Australian scientists find world's oldest brewing yeast, make some beer, get drunk

Josh Barrie@JoshBythesea
Saturday 18 June 2016 13:20
news
Australian National Shipwreck Database

In 1797, a trading ship called Sydney Cove sank off the coast of Australia. It was travelling from Calcutta, India, to Sydney.

On board was beer, among other things, and researchers have just managed to recreate that very same brew - what 18th century sailors would've been drinking on the voyage. Before they got drunk and crashed (it was probably the weather).

Named Preservation Ale, it's described as surprisingly "light and fresh". At 220-years-old, it could be the oldest specimen in existence. Modern brewers should take note of the delightful blend.

The tipple was made possible thanks to scientists at Queen Victoria Museum and Art Gallery in Tasmania. They managed to cultivate a live yeast sample taken from a recovered beer bottle that was left intact in the shipwreck.

Sydney Cove had sat undisturbed at the bottom of the ocean for centuries. In the 1990s, divers salvaged various artifacts - one of them being booze.

One of the bottles found on the shipwreck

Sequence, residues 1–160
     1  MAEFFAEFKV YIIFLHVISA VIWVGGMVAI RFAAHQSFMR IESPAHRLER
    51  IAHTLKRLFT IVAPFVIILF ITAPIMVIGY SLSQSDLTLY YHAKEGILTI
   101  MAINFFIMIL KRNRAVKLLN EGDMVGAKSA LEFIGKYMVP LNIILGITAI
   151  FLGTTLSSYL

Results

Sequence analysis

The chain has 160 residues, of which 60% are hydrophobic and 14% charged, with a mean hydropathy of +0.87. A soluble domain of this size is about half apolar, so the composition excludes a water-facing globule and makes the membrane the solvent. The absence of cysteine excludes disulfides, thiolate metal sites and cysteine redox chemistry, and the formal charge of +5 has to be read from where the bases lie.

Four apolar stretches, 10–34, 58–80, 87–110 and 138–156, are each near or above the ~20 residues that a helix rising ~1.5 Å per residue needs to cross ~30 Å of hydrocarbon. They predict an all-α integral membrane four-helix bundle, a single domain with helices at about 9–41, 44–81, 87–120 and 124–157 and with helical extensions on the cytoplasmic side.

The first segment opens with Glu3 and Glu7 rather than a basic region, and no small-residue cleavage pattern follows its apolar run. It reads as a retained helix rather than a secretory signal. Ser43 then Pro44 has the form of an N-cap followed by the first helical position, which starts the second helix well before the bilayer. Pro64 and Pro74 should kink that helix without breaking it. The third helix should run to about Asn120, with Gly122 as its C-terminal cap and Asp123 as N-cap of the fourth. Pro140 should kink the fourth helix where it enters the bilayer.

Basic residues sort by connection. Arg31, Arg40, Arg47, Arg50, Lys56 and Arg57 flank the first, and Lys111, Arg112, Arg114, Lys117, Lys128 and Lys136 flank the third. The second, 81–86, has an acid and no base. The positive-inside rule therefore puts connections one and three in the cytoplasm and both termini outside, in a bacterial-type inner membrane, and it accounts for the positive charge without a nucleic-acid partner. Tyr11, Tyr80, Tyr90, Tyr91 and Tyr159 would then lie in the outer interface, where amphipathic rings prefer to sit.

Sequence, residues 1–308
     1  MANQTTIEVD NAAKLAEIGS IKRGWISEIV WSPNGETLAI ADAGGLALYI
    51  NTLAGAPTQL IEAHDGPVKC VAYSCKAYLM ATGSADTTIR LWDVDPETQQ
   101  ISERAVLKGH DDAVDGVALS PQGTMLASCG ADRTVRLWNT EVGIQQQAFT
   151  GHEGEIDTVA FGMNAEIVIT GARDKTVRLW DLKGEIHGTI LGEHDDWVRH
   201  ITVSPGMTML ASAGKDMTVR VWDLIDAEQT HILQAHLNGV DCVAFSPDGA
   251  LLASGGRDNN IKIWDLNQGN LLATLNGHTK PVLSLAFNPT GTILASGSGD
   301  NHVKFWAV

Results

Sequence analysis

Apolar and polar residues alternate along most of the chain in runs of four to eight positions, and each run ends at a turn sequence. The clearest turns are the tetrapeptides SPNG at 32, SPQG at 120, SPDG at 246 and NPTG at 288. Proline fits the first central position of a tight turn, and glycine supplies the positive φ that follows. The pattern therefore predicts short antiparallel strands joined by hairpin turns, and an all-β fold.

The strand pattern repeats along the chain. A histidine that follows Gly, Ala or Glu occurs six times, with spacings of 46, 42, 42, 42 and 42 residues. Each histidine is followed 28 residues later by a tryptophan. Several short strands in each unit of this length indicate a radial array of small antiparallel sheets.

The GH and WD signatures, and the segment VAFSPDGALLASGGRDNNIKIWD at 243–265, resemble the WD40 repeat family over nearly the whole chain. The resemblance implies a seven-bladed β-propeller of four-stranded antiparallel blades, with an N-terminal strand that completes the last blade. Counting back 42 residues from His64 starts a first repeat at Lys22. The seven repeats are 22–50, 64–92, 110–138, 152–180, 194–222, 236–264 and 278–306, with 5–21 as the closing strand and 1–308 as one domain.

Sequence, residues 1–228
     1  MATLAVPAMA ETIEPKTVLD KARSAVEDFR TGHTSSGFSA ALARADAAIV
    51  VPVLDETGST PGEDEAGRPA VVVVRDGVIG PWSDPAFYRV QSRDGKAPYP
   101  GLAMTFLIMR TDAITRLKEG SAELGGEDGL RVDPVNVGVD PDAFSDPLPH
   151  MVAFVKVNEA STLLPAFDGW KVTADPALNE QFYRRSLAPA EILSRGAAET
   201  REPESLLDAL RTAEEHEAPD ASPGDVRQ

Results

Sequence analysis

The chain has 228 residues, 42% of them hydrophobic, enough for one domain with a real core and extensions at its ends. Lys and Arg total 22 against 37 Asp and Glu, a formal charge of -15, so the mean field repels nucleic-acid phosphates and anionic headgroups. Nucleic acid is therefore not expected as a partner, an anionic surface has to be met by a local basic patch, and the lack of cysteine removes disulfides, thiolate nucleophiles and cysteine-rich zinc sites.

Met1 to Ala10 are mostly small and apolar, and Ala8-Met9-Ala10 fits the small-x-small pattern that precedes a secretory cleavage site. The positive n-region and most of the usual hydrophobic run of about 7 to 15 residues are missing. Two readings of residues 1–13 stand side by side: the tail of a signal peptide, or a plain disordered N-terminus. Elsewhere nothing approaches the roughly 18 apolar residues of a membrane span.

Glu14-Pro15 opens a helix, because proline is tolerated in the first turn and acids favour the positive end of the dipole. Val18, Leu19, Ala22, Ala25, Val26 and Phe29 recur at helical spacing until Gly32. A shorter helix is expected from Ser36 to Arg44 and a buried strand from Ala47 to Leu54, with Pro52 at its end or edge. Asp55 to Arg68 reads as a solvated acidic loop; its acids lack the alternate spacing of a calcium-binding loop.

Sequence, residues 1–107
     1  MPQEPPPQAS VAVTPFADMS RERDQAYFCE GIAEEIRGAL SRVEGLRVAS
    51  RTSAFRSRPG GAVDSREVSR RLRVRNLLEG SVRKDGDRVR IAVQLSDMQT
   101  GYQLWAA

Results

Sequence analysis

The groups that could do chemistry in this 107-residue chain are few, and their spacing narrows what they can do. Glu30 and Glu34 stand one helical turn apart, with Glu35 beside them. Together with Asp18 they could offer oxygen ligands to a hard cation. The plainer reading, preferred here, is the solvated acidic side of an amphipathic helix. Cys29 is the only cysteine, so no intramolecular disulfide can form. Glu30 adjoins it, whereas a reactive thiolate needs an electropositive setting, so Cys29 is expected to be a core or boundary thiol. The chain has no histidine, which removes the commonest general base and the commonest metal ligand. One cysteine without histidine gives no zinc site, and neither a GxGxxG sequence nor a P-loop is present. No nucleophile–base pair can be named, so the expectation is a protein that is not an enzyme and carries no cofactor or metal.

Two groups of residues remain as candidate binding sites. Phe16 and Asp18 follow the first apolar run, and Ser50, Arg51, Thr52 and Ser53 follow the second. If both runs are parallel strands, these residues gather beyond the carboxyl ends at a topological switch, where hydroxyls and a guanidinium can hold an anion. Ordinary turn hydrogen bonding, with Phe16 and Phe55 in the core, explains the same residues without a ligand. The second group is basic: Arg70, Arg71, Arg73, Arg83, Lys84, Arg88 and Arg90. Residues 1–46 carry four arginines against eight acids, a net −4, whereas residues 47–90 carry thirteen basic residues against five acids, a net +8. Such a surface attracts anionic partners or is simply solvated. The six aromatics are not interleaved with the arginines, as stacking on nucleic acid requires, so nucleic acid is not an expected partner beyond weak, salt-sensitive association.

Australian National Shipwreck Database

The sample was enough to produce a beer consistent with what would've been enjoyed at the time. Those lucky enough to try it were literally drinking history.

In a media release entitled the 'World's Oldest Beer', Queen Victoria Museum and Art Gallery Conservator David Thurrowgood said the yeast used is an "unusual three-way hybrid with links to bakers, brewers and wine".

He says:

Possibly the wreck has now also given us the world's only known pre-industrial revolution brewing yeast.

And there's more exciting news. Museum and art gallery director Richard Mulvaney mentions plans to craft more Preservation Ale.

We will also study the wine and spirits from the cargo, possibly enabling recreating other historic brews.

The bottles also enable study of historic red wine molecules to see if they are different to modern red wine and its reported health benefits, and to study other possible dietary micro-organisms from 220 years ago.

Chin chin!

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